Government Tear Gas vs Molotov Cocktails: Hong Kong’s Street Fight for Democracy
Riot police and protesters fought fierce battles up and down Kowloon’s Nathan Road in Hong Kong on October 1st. Hundreds of tear gas canisters and Molotov cocktails were thrown, and dozens of arrests were made. During citywide protests on that day, police used lethal force for the first time, after protesters attacked several officers.
Here is footage from that battle on the streets, the sites are like something out of a Christopher Nolan Batman movie, it’s both incredible and frightening. You can see how dangerous the situation has become as Chinese government soldiers trade tear gas canisters with firebombs from pro-democracy protesters:
The protests are against Chinese government influence in Hong Kong, the issue initially rose over a bill that gave China the power to extradite citizens of Hong Kong who they deemed had committed crimes. Since Hong Kongers know that the Chinese state has a no real due process, or a free press, they fought back hard against the bill. Especially the young people in Hong Kong, they don’t want a government that silences dissent with re-education camps taking over Hong Kong. Applications for visas to leave Hong Kong have sky-rocketed, some fear that if the Chinese do takeover, they will not be able to leave so easily.
Here’s an early days explanation of how the protests began (back in June) and some history of Hong Kong and its complicated relationship with China:
The Chinese government famously measures time in ‘dynasties’ or ‘thousand-year’ periods, and they see an opportunity to encroach on a place full of Chinese speaking people who also inconveniently celebrate free trade and the free press. The Chinese government is patient, ruthless, and untethered.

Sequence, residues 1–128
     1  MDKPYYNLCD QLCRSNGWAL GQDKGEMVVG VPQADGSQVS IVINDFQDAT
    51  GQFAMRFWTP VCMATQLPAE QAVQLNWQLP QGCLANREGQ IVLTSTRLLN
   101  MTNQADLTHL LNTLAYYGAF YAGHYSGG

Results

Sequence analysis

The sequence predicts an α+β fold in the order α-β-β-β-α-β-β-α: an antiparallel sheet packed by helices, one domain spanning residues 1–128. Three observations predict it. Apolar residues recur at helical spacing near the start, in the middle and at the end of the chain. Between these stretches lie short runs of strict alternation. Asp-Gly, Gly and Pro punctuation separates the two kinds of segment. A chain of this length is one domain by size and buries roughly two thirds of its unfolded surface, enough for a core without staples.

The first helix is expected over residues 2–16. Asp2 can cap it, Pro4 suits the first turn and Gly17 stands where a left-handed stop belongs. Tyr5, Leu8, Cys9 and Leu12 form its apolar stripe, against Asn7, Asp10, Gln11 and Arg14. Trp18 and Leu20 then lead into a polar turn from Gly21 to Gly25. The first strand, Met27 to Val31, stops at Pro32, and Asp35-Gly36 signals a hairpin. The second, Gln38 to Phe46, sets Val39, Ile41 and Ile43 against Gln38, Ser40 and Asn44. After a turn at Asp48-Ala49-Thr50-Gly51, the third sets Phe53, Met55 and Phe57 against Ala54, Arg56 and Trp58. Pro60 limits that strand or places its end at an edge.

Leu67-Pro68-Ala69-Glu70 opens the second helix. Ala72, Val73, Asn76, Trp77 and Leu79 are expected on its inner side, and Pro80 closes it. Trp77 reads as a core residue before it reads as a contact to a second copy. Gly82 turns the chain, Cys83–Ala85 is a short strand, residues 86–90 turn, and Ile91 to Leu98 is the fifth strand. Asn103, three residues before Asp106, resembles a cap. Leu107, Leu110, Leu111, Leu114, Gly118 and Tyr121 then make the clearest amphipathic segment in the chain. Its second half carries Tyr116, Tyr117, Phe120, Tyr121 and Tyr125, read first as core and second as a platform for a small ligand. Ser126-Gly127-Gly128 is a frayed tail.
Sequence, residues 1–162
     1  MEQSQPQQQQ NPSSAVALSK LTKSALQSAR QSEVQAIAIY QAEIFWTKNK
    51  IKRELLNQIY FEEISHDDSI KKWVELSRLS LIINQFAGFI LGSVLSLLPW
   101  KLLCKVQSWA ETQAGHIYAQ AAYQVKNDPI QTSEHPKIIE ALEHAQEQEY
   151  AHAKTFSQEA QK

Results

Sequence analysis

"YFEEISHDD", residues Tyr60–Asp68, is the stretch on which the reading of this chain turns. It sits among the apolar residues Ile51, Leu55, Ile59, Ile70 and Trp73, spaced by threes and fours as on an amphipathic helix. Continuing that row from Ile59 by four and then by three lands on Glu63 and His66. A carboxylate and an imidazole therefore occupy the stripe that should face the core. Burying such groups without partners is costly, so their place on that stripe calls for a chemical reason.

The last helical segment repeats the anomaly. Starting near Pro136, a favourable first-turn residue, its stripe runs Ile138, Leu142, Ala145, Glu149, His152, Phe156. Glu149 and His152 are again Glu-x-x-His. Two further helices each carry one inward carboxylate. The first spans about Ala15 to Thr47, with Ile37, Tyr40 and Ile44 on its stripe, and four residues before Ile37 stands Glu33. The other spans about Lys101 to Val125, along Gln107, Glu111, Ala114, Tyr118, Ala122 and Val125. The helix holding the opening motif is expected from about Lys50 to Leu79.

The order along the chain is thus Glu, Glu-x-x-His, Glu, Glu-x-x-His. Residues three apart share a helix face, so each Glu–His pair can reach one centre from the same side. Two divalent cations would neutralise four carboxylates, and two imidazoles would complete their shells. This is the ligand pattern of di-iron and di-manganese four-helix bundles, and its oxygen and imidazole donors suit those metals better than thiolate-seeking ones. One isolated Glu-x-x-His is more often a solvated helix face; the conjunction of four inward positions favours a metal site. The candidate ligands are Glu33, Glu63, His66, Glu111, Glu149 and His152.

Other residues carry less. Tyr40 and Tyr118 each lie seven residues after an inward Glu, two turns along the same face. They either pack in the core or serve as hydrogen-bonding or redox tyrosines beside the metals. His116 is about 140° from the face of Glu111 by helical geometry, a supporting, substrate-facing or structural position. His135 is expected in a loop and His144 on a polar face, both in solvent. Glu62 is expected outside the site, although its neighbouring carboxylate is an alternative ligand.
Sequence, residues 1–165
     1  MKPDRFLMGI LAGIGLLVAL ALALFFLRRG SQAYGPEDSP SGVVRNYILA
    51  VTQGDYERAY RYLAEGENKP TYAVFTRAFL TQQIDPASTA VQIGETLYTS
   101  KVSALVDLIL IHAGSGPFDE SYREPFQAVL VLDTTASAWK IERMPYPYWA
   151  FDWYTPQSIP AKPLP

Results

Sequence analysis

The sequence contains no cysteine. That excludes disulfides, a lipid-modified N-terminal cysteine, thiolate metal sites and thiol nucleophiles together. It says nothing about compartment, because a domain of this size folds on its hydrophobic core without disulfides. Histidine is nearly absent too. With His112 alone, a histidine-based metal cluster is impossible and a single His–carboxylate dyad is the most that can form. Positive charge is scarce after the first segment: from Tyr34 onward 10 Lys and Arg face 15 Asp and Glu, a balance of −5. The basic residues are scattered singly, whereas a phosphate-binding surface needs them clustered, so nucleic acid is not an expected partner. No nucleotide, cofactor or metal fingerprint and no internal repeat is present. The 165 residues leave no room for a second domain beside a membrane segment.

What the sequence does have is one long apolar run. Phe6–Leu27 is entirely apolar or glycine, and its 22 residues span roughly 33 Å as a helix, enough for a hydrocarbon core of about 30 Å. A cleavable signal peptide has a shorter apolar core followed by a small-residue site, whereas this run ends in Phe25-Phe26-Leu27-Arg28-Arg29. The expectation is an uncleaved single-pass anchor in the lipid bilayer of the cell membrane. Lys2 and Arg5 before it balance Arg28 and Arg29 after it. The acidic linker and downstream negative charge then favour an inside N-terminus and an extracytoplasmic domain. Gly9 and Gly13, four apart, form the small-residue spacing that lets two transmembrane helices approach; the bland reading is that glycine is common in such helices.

Anyone who speaks out publicly against the Chinese government, or in support of the protesters can expect retaliation. The Chinese government will threaten any company doing business in China if they are shown to allow free speech against the government.
For example, US video game company Blizzard had to suspend a Chinese player for using pro-democracy rhetoric on its platform. He supported the protesters in Hong Kong, so therefore he had to be kicked off the airwaves. Many companies that operate in China are forced to suppress free speech in order to keep the Chines government happy. Early this week, Houston Rockets general manager Daryl Morey tweeted out something that supported the Hong Kong Protesters and the Chinese Basketball Association suspended ties with the Rockets, and Chinese state television said they would no longer show Rockets games in China. That’s for just one tweet of decent, by one employee of the team.
Meanwhile, here is a video of the police beating Hong Kong protesters with batons on October 7th. The battles are unfolding continuously on the streets:
IF you are looking for a good English language news source in Hong Kong, Check out the not-for-profit HKFP: